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#165464 - 06/28/07 08:06 AM 5-Family Load Calcs
Happi_Man Offline

Registered: 06/12/02
Posts: 213
Loc: Columbus, Ohio - USA
Wow. I haven't been on for awhile...the site looks amazing.

At any rate, I'm estimating a job for a 5-family apartment building. Each unit will have its own independant electrical system, service panel, meterbase, disconnect etc. Except obviously it will be fed from one primary service by the poco.

The engineers' calculations show a load of 155 AMPS. Now I know that its a different method of calculating because its a multi-family unit...but I'm baffled by the thought of putting a 200 AMP service in each of these 975 sq ft units. And that's total sq ft not just living space. I did a calculation for each unit and came up with 89.88 AMPS per unit.

I've asked one local inspector but I keep getting referred to the code and unfortunately I do not have access to a code book at the moment. (Because I had to go get a real job - yep I wasn't surviving amoungst the blood thirsty home builders and GCs - I ain't got that much blood).

Do I multiply the 89.88 by 5 (the number of units) and take 43% of that. I'm trying to remember what the factor in the table in 220.84 but I dont even know if the unit "qualifies" because code book in hand.

Thanks in advance for the input.
Mike Donley

Edited by Happi_Man (06/28/07 08:09 AM)

2014 / 2011 NEC & Related Books and Study Guides
#165471 - 06/28/07 09:27 AM Re: 5-Family Load Calcs [Re: Happi_Man]
gfretwell Offline


Registered: 07/20/04
Posts: 9023
Loc: Estero,Fl,usa
You are probably looking for this

220.32 Optional Calculation — Multifamily Dwelling.
(A) Feeder or Service Load. It shall be permissible to compute the load of a feeder or service that supplies more than two dwelling units of a multifamily dwelling in accordance with Table 220.32 instead of Part II of this article where all the following conditions are met:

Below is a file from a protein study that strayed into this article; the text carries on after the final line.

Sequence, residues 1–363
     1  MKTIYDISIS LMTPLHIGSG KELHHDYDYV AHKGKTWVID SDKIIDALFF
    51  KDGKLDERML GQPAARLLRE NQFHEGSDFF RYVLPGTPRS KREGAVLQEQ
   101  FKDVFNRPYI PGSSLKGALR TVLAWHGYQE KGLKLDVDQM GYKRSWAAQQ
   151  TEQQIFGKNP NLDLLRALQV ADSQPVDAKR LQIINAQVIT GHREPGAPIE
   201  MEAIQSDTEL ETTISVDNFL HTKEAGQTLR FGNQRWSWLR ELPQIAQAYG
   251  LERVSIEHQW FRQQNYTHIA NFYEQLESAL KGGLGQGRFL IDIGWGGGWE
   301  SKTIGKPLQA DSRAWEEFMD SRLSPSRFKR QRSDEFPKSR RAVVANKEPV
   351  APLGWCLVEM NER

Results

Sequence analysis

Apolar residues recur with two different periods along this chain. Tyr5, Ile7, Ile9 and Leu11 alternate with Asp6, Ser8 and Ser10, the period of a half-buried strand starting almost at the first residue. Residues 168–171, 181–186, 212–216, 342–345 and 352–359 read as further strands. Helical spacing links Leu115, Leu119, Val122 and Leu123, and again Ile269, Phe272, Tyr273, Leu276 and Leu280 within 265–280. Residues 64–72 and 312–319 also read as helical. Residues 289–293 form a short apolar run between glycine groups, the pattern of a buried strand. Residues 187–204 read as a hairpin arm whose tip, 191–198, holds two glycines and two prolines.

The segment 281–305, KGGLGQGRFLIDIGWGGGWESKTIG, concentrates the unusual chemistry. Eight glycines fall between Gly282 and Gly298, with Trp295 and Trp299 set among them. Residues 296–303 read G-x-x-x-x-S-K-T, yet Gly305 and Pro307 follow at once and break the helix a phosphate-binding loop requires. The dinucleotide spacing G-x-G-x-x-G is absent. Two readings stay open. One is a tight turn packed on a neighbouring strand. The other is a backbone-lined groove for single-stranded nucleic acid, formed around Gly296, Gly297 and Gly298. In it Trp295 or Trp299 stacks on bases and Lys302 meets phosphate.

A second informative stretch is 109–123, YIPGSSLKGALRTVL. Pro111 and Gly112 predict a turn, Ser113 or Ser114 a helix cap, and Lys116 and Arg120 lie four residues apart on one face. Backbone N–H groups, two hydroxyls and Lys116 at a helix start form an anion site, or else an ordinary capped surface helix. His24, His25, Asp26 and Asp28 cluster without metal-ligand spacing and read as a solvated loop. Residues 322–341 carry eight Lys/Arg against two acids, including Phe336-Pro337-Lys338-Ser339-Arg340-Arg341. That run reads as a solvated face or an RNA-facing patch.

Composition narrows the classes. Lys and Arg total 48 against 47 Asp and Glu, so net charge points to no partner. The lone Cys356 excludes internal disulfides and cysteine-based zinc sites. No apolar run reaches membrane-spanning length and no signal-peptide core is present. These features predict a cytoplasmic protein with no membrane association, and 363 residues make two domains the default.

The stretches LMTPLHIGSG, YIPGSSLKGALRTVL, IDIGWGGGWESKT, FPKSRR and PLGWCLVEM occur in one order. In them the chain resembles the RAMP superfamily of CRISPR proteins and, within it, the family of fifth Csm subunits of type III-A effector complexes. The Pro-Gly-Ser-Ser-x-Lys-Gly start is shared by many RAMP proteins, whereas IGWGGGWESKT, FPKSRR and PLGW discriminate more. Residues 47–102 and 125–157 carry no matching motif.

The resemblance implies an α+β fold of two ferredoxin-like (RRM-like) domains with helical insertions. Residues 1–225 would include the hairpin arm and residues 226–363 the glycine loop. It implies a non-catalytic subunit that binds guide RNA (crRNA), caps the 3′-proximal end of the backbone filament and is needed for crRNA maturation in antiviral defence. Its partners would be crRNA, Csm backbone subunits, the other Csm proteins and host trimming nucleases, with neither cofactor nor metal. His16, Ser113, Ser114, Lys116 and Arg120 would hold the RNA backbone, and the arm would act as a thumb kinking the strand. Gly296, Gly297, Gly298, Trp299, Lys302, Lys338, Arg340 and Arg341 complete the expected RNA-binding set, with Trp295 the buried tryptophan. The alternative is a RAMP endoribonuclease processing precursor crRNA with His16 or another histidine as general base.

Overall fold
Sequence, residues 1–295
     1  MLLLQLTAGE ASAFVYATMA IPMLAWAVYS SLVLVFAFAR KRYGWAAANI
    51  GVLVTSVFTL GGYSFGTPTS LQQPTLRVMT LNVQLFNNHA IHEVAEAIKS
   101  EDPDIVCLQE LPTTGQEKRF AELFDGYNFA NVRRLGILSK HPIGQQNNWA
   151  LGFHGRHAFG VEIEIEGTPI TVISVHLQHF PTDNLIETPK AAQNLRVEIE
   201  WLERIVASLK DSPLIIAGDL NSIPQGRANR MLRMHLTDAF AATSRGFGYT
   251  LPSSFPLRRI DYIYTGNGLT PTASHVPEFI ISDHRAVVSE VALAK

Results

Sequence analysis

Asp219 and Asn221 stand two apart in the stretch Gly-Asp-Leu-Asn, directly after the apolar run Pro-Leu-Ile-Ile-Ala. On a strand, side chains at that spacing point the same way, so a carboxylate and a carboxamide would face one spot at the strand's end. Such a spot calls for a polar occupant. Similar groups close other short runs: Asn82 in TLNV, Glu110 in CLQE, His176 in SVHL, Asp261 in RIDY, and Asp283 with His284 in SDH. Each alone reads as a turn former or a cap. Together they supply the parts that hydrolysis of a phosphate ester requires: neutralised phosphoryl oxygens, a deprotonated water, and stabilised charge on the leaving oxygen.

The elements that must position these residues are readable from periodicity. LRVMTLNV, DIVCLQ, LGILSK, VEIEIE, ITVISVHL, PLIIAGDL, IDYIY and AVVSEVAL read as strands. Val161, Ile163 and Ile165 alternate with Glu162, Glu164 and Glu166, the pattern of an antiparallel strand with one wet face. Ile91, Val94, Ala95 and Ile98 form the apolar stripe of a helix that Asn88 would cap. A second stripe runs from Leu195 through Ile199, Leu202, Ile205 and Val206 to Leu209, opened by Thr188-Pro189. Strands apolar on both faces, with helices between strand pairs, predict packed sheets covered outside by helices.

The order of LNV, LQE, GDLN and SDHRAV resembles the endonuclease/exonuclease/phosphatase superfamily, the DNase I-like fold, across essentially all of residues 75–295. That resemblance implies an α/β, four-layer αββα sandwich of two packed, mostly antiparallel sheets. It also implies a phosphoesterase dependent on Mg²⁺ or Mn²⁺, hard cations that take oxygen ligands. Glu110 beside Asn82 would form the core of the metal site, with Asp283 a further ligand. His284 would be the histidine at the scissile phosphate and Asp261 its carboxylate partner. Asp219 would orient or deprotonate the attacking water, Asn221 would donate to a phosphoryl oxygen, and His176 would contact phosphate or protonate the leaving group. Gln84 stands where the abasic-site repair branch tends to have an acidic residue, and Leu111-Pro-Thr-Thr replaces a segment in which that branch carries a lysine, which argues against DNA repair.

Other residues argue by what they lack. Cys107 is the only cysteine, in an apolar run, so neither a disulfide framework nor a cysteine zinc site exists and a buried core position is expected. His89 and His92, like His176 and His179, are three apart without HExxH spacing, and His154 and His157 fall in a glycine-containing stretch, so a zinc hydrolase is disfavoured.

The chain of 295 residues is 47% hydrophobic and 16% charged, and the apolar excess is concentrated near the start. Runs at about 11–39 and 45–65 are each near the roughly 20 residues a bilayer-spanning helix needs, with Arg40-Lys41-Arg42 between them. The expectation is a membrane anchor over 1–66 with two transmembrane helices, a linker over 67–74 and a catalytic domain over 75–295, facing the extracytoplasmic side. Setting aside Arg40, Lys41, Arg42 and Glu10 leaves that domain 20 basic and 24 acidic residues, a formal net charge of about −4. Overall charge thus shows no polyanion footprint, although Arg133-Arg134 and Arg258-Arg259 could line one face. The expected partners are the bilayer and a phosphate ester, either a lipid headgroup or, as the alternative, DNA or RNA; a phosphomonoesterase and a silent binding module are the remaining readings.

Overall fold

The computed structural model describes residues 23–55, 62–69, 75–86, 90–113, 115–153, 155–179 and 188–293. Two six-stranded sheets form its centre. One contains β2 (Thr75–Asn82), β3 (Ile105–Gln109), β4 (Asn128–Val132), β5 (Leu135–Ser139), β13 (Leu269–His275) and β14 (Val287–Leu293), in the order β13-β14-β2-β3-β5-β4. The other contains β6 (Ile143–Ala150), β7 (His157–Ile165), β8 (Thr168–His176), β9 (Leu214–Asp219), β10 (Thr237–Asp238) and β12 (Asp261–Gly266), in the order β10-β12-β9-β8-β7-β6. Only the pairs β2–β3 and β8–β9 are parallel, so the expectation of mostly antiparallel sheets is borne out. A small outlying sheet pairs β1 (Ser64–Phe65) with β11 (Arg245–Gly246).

(1) No dwelling unit is supplied by more than one feeder.
(2) Each dwelling unit is equipped with electric cooking equipment.
The method of load calculation under 220.32 is optional and applies only where one service or feeder supplies the entire load of a dwelling unit. If all the stated conditions prevail, the optional calculations in 220.32 may be used instead of those in Part II of Article 220.
Exception: When the computed load for multifamily dwellings without electric cooking in Part II of this article exceeds that computed under Part III for the identical load plus electric cooking (based on 8 kW per unit), the lesser of the two loads shall be permitted to be used.
Section 220.32(A)(2) requires that each dwelling unit be equipped with electric cooking equipment in order to use the load calculation method found in 220.32(A). The exception to 220.32(A)(2) permits load calculation for dwelling units that do not have electric cooking equipment by calculating a simulated electric cooking equipment load of 8 kW per unit and selecting the lesser of the two loads.
(3) Each dwelling unit is equipped with either electric space heating, air conditioning, or both. Feeders and service conductors whose demand load is determined by this optional calculation shall be permitted to have the neutral load determined by 220.22.
(B) House Loads. House loads shall be computed in accordance with Part II of this article and shall be in addition to the dwelling unit loads computed in accordance with Table 220.32.

Table 220.32 Optional Calculations — Demand Factors for Three or More Multifamily Dwelling Units
Number of Dwelling Units Demand Factor (Percent)
3–5 45

(C) Connected Loads. The computed load to which the demand factors of Table 220.32 apply shall include the following:
(1) 1500 volt-amperes for each 2-wire, 20-ampere small-appliance branch circuit and each laundry branch circuit specified in 220.16.
(2) 33 volt-amperes/m2 or 3 volt-amperes/ft2 for general lighting and general-use receptacles.
(3) The nameplate rating of all appliances that are fastened in place, permanently connected or located to be on a specific circuit, ranges, wall-mounted ovens, counter-mounted cooking units, clothes dryers, water heaters, and space heaters. If water heater elements are interlocked so that all elements cannot be used at the same time, the maximum possible load shall be considered the nameplate load.
(4) The nameplate ampere or kilovolt-ampere rating of all motors and of all low-power-factor loads.
(5) The larger of the air-conditioning load or the space-heating load.
220.33 Optional Calculation — Two Dwelling Units.
Where two dwelling units are supplied by a single feeder and the computed load under Part II of this article exceeds that for three identical units computed under 220.32, the lesser of the two loads shall be permitted to be used.

Edited by gfretwell (06/28/07 09:28 AM)
Greg Fretwell


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